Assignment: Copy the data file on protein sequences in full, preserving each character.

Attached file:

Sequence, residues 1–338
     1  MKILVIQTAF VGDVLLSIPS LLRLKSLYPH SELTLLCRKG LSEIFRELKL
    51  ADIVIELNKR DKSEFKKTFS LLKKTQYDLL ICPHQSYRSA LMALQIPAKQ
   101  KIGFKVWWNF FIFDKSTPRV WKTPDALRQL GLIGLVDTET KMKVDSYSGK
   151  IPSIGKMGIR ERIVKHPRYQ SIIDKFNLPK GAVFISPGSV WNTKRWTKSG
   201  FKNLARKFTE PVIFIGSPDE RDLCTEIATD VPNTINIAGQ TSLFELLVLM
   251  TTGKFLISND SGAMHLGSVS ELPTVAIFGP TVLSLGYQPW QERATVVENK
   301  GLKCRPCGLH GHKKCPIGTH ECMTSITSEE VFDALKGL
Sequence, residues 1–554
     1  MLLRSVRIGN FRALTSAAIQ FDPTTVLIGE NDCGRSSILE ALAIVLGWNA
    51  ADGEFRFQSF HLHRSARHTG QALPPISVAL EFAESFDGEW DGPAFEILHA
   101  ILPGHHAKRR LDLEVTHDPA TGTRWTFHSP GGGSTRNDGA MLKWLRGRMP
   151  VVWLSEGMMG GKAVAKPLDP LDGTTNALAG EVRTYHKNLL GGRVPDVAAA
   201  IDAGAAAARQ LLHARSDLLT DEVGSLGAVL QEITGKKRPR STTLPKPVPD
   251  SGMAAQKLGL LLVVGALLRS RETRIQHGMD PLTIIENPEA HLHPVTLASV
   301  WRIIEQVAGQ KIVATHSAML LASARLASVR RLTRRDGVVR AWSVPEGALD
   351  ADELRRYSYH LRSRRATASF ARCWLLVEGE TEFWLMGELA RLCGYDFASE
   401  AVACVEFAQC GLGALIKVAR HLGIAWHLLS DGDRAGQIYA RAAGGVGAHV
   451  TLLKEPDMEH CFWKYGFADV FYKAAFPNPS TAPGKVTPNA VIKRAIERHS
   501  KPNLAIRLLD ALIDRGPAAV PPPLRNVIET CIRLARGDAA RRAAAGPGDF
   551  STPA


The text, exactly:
Sequence, residues 1–338
     1  MKILVIQTAF VGDVLLSIPS LLRLKSLYPH SELTLLCRKG LSEIFRELKL
    51  ADIVIELNKR DKSEFKKTFS LLKKTQYDLL ICPHQSYRSA LMALQIPAKQ
   101  KIGFKVWWNF FIFDKSTPRV WKTPDALRQL GLIGLVDTET KMKVDSYSGK
   151  IPSIGKMGIR ERIVKHPRYQ SIIDKFNLPK GAVFISPGSV WNTKRWTKSG
   201  FKNLARKFTE PVIFIGSPDE RDLCTEIATD VPNTINIAGQ TSLFELLVLM
   251  TTGKFLISND SGAMHLGSVS ELPTVAIFGP TVLSLGYQPW QERATVVENK
   301  GLKCRPCGLH GHKKCPIGTH ECMTSITSEE VFDALKGL
Sequence, residues 1–554
     1  MLLRSVRIGN FRALTSAAIQ FDPTTVLIGE NDCGRSSILE ALAIVLGWNA
    51  ADGEFRFQSF HLHRSARHTG QALPPISVAL EFAESFDGEW DGPAFEILHA
   101  ILPGHHAKRR LDLEVTHDPA TGTRWTFHSP GGGSTRNDGA MLKWLRGRMP
   151  VVWLSEGMMG GKAVAKPLDP LDGTTNALAG EVRTYHKNLL GGRVPDVAAA
   201  IDAGAAAARQ LLHARSDLLT DEVGSLGAVL QEITGKKRPR STTLPKPVPD
   251  SGMAAQKLGL LLVVGALLRS RETRIQHGMD PLTIIENPEA HLHPVTLASV
   301  WRIIEQVAGQ KIVATHSAML LASARLASVR RLTRRDGVVR AWSVPEGALD
   351  ADELRRYSYH LRSRRATASF ARCWLLVEGE TEFWLMGELA RLCGYDFASE
   401  AVACVEFAQC GLGALIKVAR HLGIAWHLLS DGDRAGQIYA RAAGGVGAHV
   451  TLLKEPDMEH CFWKYGFADV FYKAAFPNPS TAPGKVTPNA VIKRAIERHS
   501  KPNLAIRLLD ALIDRGPAAV PPPLRNVIET CIRLARGDAA RRAAAGPGDF
   551  STPA